Permanent solutions for getting health care to the millions of uninsured
U.S. residents and being able to gain control of the spiraling cost of health
care are unlikely next year, regardless of who wins the presidential election,
according to both those who run and influence Congress.
Some leaders in Congress, business, and health care agree that
comprehensive change to the U.S. health care system will likely take much
longer than even the four-year term of the next president.
The caution flag waved by government and private-sector leaders at a media
briefing in Washington, D.C., in September ran counter to the charged
atmosphere of presidential and congressional campaigns that have frequently
touted the need for sweeping changes in how health care is delivered and
"This is not going to be solved in four years because it took 60
years to get here," said Paul Keckley, Ph.D., executive director of the
Deloitte Center for Health Solutions, a health care research firm in
Among the chief problems that need to be addressed as part of any health
care reform effort, he stated, are the lack of widely used and mutually
compatible electronic medical record systems, the increasing shortage of
primary care physicians, and a payment model that does not reward clinicians
for improving their patients' health.
Steps to address these problems and reduce the number of uninsured
Americans from 47 million will require specific steps next year, said Sen. Max
Baucus (D-Mont.), at the media briefing, which was organized by the AMA.
Significant change is constrained by the conflicting desire of Americans to
expand access while opposing any changes that might disrupt their own access
to health care through increased costs.
"The problem is much worse than most Americans think," said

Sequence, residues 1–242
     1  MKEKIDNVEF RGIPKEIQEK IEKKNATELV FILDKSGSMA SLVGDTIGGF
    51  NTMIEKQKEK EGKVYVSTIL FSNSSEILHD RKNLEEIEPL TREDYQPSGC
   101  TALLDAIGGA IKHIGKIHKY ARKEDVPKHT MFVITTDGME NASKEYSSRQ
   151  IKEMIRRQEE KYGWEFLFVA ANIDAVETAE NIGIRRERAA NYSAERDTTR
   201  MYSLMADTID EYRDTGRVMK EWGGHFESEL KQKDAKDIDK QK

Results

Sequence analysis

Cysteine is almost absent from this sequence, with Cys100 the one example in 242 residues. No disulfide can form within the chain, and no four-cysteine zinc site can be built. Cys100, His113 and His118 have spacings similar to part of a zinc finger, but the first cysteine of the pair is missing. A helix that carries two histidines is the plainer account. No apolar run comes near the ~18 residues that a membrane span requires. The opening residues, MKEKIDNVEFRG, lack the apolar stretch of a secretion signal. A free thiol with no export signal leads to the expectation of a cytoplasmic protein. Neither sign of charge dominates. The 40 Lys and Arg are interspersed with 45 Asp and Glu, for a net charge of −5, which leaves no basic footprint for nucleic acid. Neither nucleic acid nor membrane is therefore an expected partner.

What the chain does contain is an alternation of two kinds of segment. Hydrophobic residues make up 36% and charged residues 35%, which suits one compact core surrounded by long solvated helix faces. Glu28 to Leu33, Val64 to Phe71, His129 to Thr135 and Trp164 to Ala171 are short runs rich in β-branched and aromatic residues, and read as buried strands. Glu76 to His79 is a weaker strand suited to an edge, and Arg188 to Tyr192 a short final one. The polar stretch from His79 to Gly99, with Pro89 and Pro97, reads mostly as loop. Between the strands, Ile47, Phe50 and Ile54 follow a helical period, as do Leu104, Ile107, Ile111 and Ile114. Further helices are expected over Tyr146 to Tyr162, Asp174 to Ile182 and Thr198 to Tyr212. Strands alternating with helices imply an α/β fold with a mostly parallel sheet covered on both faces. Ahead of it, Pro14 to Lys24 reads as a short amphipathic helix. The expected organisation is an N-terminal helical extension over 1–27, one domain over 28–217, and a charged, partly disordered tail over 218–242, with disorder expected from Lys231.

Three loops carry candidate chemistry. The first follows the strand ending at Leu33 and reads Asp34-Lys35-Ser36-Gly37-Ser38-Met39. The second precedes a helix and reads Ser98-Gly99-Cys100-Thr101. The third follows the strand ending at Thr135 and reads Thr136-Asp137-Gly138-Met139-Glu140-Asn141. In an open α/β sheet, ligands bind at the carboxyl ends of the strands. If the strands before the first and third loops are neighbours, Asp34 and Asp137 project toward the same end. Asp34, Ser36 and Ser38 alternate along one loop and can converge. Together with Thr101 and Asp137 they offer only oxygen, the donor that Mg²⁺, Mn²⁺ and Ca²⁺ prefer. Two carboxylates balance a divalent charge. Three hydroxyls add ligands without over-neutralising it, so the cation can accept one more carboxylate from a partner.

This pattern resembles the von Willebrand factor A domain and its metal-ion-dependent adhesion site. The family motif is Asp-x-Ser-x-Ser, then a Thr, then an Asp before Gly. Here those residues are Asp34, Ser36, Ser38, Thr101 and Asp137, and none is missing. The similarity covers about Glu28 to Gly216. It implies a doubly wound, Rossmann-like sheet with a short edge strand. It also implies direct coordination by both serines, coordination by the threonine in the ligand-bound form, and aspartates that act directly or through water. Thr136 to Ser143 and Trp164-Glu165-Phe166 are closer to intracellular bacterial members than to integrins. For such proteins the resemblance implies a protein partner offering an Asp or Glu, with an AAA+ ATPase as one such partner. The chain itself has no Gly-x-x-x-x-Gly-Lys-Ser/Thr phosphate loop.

Baucus, referring to statistics that the United States spends nearly twice
what other major industrial countries do on health when public and private
spending is totaled.
Baucus, who is chair of the Senate committee with lead jurisdiction over
health care reform, said that high among the areas of health care that need to
be addressed is finding a way to lower barriers to coverage in the individual
insurance market so that it comes closer to the level used in
employer-provided plans. Critics said many applicants with chronic health
problems are unable to qualify for insurance.
Although Baucus was critical of the health care reform plan offered by
Republican presidential candidate Sen. John McCain, which would depend in
large part on encouraging competition that McCain believes could lead to lower
prices among major insurers, he said major reform and long-term solutions will
require both parties to unite behind a compromise approach.
"Everyone needs to step back and not put forward solutions that are
anathema to the other side," he said.
An eventual health care overhaul is likely to blend aspects of the
Democratic-backed plan to boost government involvement in health care policy
and Republican-supported market-based approaches, said Keckley.
"The economic reality will force us to address these [challenges] in
a centrist way," Keckley said.